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The resources on this page have been collated in collaboration with the charity Jonathan’s Voice.

Jonathan’s Voice was founded in late 2017 in memory of Jonathan McCartney, a patent attorney who tragically took his own life. The charity’s purpose is to promote mental wellbeing in the workplace, increase understanding and awareness of suicide, reduce the stigma that often surrounds mental health and empower people to speak about it. It seeks to educate and encourage organisations to create the right policies and practices to support employees with their mental health and wellbeing.

At IP Inclusive we believe that mental health support is key to an inclusive working environment, which is why we will be working with Jonathan’s Voice to improve mental health throughout the IP professions. We are extremely grateful for their support, encouragement and guidance.

What is "mental health"?

Mental health is often described as the mental and emotional state in which we feel able to cope with the normal pressures of everyday life. Factors both inside and outside work can affect our mental health and it can be helpful to think of it as a spectrum ranging from good to poor, that each of us is constantly moving along depending on our personal circumstances.

Mental ill health is very common – the Department of Health and Social Care suggests that one in four of us will experience it at some point in our lives. And anyone can suffer from its effects, ranging from feeling unmanageably stressed to conditions such as anxiety and depression. A limited number of people experience more severe mental health conditions such as bipolar disorder, schizophrenia or obsessive-compulsive disorder. Some of these conditions can be persistent and may be classed as a disability, whereas others may come and go leading to good days and bad days. With the right support, someone with a diagnosed mental health condition can still enjoy positive mental health.

So, how are you feeling today?

Let’s talk about this, honestly and openly. It matters.

To help you assess your mental wellbeing, the Scottish Association for Mental Health (SAMH) provides a wellbeing assessment tool on its website.  It advises:

“We can all expect to feel under the weather sometime, perhaps pick up a cold or sore throat. But when it comes to the way we feel emotionally, it can be hard to recognise or admit that we’re not feeling good. This wellbeing assessment uses the Warwick-Edinburgh Mental Wellbeing Scale (WEMWBS) to measure wellbeing. Good mental wellbeing is about feeling good and functioning well. You may find that your mood goes both up and down so use this tool to monitor it over time. However, this is not intended to replace a consultation with a GP if you are struggling.”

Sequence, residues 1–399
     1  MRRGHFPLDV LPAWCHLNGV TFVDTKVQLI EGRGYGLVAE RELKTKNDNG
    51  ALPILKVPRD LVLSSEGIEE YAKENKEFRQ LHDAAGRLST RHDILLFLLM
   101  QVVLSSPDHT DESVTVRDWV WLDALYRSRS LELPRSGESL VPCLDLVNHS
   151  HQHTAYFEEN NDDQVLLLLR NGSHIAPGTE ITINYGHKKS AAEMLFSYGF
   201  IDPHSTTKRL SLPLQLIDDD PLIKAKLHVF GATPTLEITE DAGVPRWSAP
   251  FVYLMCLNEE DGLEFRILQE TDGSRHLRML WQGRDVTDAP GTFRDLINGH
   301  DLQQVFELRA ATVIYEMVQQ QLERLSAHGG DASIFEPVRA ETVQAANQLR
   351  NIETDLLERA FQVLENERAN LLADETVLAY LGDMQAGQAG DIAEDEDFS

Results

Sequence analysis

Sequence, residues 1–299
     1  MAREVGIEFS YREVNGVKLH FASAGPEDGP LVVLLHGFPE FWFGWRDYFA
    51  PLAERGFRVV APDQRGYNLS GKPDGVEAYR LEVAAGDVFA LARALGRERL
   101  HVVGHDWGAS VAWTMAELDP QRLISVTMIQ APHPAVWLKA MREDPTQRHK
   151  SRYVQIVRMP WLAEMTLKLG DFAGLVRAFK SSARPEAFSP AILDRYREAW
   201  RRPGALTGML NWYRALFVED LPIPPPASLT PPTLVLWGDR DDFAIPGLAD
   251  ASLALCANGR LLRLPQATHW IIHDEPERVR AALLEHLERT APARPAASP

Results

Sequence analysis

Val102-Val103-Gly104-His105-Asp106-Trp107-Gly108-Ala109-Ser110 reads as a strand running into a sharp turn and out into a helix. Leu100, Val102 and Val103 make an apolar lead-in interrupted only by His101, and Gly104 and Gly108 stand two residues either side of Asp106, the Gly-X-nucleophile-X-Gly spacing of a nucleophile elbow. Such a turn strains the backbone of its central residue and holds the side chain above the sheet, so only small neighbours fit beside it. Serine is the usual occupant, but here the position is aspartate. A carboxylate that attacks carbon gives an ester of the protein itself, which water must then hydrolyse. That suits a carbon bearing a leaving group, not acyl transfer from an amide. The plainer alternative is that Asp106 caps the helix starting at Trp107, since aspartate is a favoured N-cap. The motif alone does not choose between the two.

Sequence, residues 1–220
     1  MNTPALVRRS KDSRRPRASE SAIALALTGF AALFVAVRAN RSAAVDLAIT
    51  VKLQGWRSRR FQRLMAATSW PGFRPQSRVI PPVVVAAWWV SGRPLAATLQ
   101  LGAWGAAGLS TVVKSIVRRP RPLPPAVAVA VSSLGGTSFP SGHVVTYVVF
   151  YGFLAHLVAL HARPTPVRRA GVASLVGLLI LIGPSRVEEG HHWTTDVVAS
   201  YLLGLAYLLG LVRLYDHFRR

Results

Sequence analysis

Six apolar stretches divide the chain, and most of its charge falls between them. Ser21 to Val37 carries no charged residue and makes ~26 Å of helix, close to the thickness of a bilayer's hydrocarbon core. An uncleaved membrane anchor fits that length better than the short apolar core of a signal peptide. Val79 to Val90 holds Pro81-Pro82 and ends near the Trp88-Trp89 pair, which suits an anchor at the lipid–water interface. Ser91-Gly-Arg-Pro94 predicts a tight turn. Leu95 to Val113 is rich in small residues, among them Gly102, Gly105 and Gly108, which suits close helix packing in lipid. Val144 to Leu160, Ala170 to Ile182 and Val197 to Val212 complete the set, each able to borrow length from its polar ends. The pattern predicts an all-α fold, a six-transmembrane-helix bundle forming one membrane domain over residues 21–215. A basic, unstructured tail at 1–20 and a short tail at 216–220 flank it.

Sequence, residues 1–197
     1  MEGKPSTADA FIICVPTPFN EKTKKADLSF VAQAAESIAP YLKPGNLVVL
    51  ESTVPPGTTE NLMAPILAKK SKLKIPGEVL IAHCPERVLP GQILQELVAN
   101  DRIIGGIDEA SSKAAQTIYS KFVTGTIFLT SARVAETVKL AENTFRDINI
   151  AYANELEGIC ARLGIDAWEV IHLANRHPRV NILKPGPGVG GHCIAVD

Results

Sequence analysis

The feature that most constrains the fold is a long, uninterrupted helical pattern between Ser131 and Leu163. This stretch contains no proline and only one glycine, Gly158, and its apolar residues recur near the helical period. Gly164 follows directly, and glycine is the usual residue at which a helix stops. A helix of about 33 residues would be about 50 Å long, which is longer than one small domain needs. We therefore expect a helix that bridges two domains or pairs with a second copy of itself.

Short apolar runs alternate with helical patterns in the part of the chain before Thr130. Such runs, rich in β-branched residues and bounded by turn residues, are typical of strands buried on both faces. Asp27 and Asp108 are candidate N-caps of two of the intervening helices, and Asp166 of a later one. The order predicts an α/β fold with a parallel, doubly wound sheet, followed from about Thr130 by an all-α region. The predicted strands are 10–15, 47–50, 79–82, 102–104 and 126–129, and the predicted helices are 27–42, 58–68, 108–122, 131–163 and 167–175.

Try taking the SAMH assessment yourself: the link is here. There are of course other similar tools available elsewhere online; just take care not to cope with the results on your own, but to talk them through with a trusted friend, adviser or healthcare professional.

What help is available?

There is plenty still to be done to support IP professionals who are suffering from, or at risk of suffering from, mental health problems. But there is also a lot of support already available.  We’ve provided some resources below which we hope you will find useful, whether you’re an IP professional or an employer or manager of IP professionals. Many are links to existing sources of information and help.

Please feel free to make use of the resources we have provided, and to contact us with your feedback or to let us know of other materials you would like access to on this page. Nobody needs to suffer alone.

You may also want to check out our news and features page and filter using the tag “mental health”: you’ll find practical tips, information and shared personal experiences, to reassure, guide and possibly even inspire you.

Help for you

If you’re an IP professional and you’re suffering from mental health problems – or think you may be – please don’t suffer in silence. There are plenty of places you can go for support and guidance. Please, please talk to someone (a friend, colleague or family member, for instance, or an independent helpline) before the problem gets too bad to cope with. If you can, seek help from a GP, counsellor or other healthcare professional.

First up, if you’re just a little bit concerned, or want to make sure you’re looking after your mental health, check out the guidance available on the Jonathan’s Voice website, in particular “Five ways to mental wellbeing” and tips for managing stress at work.

If you’re feeling bad and need someone independent and sympathetic to talk to, these organisations offer helplines:

  • LawCare 0800 279 6888
    • LawCare offer a free, independent and confidential helpline which is open 365 days a year for legal professionals (including CIPA and CITMA members). Their trained staff and volunteers have worked in the law and understand the demands of legal education, training and practice. The service is there for anyone who works in the legal profession – at any level, and in any kind of role – and also for their families.
  • Samaritans 116 123
    • The Samaritans are available 24 hours a day, 365 days a year, for everyone. Again their helpline is free. You don’t have to be suicidal to call them.

These and other resources are summarised on the “Need Help” page of the Jonathan’s Voice website. If you feel you’re in crisis, need urgent help or are even thinking about suicide, please please get in touch with one of them.

If you need information about mental ill health and its symptoms, or about available treatments and support, you could try the following websites:

Also worth a visit is the website page on “Resilience and wellbeing” created by the Junior Lawyers Division of the Law Society; this links to a wide range of information, guidance and articles likely to be relevant to IP professionals.

Please note, however, that although there are lots of valuable resources available on the internet, it’s worth remembering that not everything you read may be helpful, so try and avoid reading too much alone. If you’re struggling and some of what you read describes how you’ve been feeling, it’s often a good idea to talk it through with someone else (maybe a friend or a relative or a professional that can help such as your GP or a counsellor).

Depending on where you work, your employer may offer an employee assistance programme or occupational health scheme, or access to mental health support via a private health care policy. It’s always worth asking your line manager or an HR colleague. Your organisation may also have a trained “mental health first aider” you could speak to. Mental health first aiders are not, and are no substitute for, mental health professionals – but they can give you pointers to more appropriate sources of help.

If you belong to a membership body such as CIPA, CITMA or the Law Society, they too may provide access to support for their members in times of either physical hardship or mental ill health – again, it’s worth asking.